I could try to pretend but I prefer authenticity. I wasn’t there. I don’t remember it. I was only 10. I could sit here and do the math to try and figure out which town I lived in, which held which Air Base my dad was stationed at, at this particular juncture, but it’s irrelevant. At 10 years old, LSU was a distant piece of my life, one that I hadn’t yet traced back the familial lines on. You know the type, the deep rutted scars of the Earth, which can be obscured but never actually eliminated. So I won’t pretend. I won’t try and act as if I understood the pain nor the noise. I won’t put myself in the crowd by reading 27 different articles. Instead, I’ll talk about cold, bone dry history.
In 1995 LSU hired Gerry Dinardo. It wasn’t a straight shot. They offered the job to TCU coach Pat Sullivan, who accepted. Then LSU refused to pay his $400,000 buyout and Sullivan stuck at TCU. LSU brass turned their eyes to Vanderbilt and the up and coming Dinardo. Dinardo spent four years at Vandy, putting together 5-6, 4-7, 5-6, and 5-6 seasons. Frankly, coming off a coach that won one game three times in five years, and never more than four games in a single season, Dinardo looked like a magician. So no, LSU didn’t get their top choice, but there was reason to believe they still got a good one. Dinardo had SEC experience and if he could get Vanderbilt, with their modest resources, up to a respectable win total, what could he do with a better talent base and more support in Baton Rouge?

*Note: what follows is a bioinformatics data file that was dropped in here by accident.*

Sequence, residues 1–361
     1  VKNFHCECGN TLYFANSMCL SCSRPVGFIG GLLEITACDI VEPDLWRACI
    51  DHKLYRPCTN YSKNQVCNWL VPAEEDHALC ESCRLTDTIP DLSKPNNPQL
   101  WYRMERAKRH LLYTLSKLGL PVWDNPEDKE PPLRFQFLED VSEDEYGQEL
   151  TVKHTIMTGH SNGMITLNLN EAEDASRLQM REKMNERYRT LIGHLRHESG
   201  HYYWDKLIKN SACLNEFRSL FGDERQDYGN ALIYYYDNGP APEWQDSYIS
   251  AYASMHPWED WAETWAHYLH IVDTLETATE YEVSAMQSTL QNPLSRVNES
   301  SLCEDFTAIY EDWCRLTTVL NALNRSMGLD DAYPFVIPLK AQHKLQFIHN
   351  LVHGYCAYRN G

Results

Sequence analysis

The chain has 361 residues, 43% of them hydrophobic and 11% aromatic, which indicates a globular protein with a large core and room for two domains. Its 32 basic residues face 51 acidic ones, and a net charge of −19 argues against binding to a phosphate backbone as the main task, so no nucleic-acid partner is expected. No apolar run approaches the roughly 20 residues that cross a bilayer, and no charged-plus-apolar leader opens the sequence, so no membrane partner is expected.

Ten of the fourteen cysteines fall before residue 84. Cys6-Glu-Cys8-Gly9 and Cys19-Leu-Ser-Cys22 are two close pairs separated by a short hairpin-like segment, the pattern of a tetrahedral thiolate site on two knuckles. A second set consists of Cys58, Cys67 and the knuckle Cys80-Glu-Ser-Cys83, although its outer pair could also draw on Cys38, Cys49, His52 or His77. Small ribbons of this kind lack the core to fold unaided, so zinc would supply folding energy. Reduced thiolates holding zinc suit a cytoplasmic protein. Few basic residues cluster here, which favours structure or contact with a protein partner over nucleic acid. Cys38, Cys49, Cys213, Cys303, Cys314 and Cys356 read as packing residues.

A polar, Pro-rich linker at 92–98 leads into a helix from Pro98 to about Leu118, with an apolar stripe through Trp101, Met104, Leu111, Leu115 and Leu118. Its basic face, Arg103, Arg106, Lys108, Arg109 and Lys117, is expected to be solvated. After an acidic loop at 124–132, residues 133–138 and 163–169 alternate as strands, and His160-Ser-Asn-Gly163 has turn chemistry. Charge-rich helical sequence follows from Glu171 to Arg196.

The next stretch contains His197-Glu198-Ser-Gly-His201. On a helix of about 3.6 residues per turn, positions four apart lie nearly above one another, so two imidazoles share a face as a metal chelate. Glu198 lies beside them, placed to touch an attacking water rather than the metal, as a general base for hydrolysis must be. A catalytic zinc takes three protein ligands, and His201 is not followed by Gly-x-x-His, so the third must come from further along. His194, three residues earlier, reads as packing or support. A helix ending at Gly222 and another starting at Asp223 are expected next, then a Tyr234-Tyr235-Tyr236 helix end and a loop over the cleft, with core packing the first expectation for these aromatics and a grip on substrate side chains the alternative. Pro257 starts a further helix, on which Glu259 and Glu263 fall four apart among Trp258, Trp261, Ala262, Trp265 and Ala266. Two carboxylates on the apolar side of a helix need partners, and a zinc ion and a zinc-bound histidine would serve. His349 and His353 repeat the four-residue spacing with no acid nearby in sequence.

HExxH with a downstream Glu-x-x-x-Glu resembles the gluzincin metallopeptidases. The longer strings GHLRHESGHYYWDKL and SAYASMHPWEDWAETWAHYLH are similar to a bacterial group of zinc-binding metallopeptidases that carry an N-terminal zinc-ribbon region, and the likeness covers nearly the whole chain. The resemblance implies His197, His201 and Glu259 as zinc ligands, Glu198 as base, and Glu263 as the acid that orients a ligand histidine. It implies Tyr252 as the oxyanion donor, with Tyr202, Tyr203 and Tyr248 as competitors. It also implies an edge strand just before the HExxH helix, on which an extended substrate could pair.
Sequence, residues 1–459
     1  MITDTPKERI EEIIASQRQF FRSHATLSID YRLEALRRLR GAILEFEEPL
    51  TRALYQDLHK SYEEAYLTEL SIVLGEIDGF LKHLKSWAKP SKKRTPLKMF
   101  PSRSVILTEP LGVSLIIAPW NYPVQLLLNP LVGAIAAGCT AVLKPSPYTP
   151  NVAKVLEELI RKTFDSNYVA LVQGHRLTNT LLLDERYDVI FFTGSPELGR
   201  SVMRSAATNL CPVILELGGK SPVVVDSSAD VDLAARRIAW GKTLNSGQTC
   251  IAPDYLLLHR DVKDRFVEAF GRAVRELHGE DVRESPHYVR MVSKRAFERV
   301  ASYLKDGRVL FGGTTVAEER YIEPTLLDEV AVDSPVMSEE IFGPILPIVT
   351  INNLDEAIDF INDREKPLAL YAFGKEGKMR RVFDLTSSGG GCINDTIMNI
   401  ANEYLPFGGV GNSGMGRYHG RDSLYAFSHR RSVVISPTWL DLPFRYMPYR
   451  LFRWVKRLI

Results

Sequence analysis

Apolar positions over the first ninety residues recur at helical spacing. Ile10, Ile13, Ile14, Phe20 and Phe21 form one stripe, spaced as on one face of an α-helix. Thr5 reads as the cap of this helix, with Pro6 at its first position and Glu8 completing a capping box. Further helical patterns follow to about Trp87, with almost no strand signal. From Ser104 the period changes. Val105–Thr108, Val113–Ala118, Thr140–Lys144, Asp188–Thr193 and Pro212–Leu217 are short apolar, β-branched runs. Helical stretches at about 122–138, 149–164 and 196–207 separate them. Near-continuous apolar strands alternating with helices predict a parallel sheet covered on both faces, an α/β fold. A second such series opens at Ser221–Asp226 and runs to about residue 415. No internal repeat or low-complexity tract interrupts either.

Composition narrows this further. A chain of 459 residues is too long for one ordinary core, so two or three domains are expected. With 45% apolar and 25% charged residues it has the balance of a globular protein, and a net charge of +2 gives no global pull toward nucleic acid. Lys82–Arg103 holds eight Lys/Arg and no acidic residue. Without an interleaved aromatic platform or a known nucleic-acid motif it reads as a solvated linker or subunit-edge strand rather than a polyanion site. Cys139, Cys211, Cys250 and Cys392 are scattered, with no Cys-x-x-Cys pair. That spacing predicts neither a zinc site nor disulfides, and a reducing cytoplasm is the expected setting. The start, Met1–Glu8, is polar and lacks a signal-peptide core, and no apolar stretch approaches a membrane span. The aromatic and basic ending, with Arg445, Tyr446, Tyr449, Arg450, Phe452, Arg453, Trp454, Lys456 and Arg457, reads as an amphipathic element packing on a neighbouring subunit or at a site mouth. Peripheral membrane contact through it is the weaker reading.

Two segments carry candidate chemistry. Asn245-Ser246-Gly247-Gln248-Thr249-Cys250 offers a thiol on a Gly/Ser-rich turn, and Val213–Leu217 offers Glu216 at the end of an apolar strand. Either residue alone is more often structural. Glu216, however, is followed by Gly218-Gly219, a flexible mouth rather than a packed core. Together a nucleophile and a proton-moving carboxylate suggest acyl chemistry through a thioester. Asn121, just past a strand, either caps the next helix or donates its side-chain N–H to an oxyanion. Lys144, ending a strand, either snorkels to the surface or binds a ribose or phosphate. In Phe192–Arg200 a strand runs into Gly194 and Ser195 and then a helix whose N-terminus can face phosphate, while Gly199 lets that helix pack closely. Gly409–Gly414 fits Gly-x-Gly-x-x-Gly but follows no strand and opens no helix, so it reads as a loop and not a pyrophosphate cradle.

Dinardo came with big talk. Using the benefit of hindsight, we can see now that Dinardo understood optics. He was a good salesman and a good talker. He got Kevin Faulk to campus when he had every right to go anywhere else. He brought back LSU wearing white jerseys at home, something Curley tried and failed at. Dinardo brought with him genuine winds of change that the program so desperately needed. In the long arc, he failed, but he’s a gigantic piece in the “restoring LSU to greatness” puzzle that need not be overlooked. It’s not all Saban or even all Saban + Miles. Dinardo was the guy pouring concrete and no one remembers the guy pouring concrete.
So 1995, there’s Dinardo, bringing changes, sporting a hot shot 5-star RB recruit, but with a lot of work ahead to get the program to a reputable level. LSU opens on the road at No. 3 Texas A&M. So all the positivity and momentum is shelled one week into the season, when A&M puts the boots to LSU. But Dinardo puts the pieces back together. No one expected LSU to win a road game against a top five opponent in year one of the new coach. People held off on those type of expectations for a full 10 years. Amazing the restraint.
The next week, LSU travels to Mississippi State. It’s a game LSU should win, but coming off a beat down, you could see a scenario where the team returns to that loser mentality, takes a beating and then just shells up and loses when they shouldn’t. Instead, LSU routes a bad MSU to move their record to 1-1. And thus, the stage was set for Auburn.